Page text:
As announced last year, we now know that the Chancellor’s Budget will, in future, take place in the Autumn each year, as opposed to the Spring. And, in his 13 March Spring statement, we saw the Chancellor choosing to focus on the state of the economy. As he hardly mentioned any tax changes and stated that there is “light at the end of the tunnel”. We can see that this contrasts with other recent Chancellors such as Gordon Brown and George Osborne, who used both the Spring Budget and Autumn Statement, to make tax changes announcements. 

New Consultations – Should You Be Concerned?

Should you be concerned by the fact that the Chancellor announced a number of tax consultations into possible future changes? Well yes and no. Yes, if you are worried about the possible changes to the VAT registration threshold. And yes, if you are part of the businesses deliberately operating below the VAT threshold (currently £85,000), as that adds 20% to the price of the goods and services. If this is your case, you could be allowed to exceed the threshold by up to 50% for one year, without the need to register for VAT. HMRC is also seeking views on how they can engage with online platforms, such as eBay and Uber, to promote tax compliance among its users.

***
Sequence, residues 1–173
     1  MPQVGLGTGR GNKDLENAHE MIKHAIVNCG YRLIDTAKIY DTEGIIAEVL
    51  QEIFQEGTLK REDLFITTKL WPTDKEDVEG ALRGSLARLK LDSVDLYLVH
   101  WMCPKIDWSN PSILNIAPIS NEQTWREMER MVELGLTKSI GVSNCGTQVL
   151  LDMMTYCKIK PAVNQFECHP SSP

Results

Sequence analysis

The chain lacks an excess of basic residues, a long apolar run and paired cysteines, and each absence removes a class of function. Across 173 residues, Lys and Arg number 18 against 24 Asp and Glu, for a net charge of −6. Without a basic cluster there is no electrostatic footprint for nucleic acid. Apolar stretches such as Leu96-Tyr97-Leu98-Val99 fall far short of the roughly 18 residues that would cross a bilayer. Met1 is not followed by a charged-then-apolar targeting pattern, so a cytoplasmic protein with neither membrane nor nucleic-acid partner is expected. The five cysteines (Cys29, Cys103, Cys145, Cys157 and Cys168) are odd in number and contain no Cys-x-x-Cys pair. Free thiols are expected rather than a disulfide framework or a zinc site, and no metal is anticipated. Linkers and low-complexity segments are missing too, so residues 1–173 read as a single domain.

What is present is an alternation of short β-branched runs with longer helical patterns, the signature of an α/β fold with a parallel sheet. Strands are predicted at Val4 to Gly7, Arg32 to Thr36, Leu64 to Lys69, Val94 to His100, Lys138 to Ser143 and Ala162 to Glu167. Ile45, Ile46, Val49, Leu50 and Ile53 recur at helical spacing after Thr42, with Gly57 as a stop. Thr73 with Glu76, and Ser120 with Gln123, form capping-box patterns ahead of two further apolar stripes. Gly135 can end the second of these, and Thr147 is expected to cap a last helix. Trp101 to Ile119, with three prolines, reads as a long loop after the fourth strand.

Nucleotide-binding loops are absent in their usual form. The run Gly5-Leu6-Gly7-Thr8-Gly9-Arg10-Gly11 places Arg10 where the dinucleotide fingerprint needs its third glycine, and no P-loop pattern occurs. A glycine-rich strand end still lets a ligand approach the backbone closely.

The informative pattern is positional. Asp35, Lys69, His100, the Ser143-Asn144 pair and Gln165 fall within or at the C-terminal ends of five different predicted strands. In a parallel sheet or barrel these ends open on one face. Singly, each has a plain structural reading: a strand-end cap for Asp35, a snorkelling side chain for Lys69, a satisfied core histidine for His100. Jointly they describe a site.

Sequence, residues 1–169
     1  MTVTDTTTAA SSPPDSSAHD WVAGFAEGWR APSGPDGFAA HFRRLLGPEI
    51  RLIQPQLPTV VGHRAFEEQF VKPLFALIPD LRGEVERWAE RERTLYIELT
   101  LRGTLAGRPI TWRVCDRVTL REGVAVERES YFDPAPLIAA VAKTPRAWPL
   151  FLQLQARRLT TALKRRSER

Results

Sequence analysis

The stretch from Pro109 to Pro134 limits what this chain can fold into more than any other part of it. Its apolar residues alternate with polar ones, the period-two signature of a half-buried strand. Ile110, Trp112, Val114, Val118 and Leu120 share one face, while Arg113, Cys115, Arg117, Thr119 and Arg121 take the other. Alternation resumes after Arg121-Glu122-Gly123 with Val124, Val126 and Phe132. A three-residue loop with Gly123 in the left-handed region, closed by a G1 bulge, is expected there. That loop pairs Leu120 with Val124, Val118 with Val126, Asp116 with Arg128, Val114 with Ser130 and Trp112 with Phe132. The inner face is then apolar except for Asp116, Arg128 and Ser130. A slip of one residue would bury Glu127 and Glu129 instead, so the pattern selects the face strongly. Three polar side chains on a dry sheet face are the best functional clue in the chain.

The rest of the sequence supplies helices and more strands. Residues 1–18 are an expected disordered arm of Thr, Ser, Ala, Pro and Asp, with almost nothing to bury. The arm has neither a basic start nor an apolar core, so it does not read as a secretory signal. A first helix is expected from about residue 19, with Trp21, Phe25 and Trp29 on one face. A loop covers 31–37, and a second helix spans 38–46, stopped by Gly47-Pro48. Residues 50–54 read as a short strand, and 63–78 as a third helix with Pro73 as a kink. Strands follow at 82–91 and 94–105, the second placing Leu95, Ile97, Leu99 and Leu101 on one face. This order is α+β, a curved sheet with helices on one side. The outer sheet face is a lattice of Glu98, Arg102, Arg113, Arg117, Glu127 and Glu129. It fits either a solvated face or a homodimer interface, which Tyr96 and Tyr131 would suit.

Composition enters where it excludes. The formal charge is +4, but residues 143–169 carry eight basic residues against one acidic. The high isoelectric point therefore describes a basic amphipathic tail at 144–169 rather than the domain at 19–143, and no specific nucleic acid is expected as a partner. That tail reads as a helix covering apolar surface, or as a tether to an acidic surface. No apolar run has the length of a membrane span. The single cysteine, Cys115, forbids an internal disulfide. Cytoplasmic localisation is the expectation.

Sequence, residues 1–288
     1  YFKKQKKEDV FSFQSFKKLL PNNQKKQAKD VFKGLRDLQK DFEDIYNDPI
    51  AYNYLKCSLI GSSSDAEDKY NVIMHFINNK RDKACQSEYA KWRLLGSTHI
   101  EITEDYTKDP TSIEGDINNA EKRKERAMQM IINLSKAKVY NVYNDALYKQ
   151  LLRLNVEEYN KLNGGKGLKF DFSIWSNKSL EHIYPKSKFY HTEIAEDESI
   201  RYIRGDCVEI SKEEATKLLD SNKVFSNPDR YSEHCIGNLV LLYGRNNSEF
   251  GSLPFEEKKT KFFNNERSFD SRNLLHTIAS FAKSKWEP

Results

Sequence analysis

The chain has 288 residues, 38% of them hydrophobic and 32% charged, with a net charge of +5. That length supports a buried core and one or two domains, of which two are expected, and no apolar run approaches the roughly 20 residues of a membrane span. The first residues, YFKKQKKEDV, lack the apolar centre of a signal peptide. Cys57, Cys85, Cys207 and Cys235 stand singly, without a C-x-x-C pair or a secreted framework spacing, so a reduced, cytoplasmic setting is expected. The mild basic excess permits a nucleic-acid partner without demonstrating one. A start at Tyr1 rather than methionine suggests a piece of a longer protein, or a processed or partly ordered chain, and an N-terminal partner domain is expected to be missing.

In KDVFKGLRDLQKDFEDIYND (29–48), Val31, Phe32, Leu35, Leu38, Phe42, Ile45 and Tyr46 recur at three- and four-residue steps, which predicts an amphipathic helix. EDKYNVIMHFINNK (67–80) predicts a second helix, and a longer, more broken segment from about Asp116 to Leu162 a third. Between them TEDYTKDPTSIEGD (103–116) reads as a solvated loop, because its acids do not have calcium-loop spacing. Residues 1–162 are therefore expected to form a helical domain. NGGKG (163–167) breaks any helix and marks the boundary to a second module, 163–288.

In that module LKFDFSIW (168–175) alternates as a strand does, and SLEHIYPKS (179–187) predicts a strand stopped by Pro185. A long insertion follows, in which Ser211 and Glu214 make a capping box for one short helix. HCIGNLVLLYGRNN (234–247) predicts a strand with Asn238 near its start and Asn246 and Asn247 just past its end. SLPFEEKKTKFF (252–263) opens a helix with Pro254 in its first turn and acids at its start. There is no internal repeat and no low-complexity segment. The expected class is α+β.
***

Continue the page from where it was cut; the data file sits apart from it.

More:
Cash And Digital Payments In The New Economy – Do you still use cash?

Do you still use cash? As we could shortly see the possible demise of the 1p, 2p coins and the £50 note, but for different reasons. It seems that more and more of us are paying for small transactions, such as our morning coffee, by using contactless payments. If you still pay in cash and where the cost is say £2.99, you would tend to put the penny change in the charity pot, and many are thrown away! Whereas, the £50 note has been linked to money laundering, and other illegal cash-based payments. But, we are forever increasing our contactless transactions. Which means that with a consequent reduction in the number of small coins in circulation, this will have a significant impact on the charity sector. As many charities are reliant on peoples’ small change being donated outside supermarkets and stations.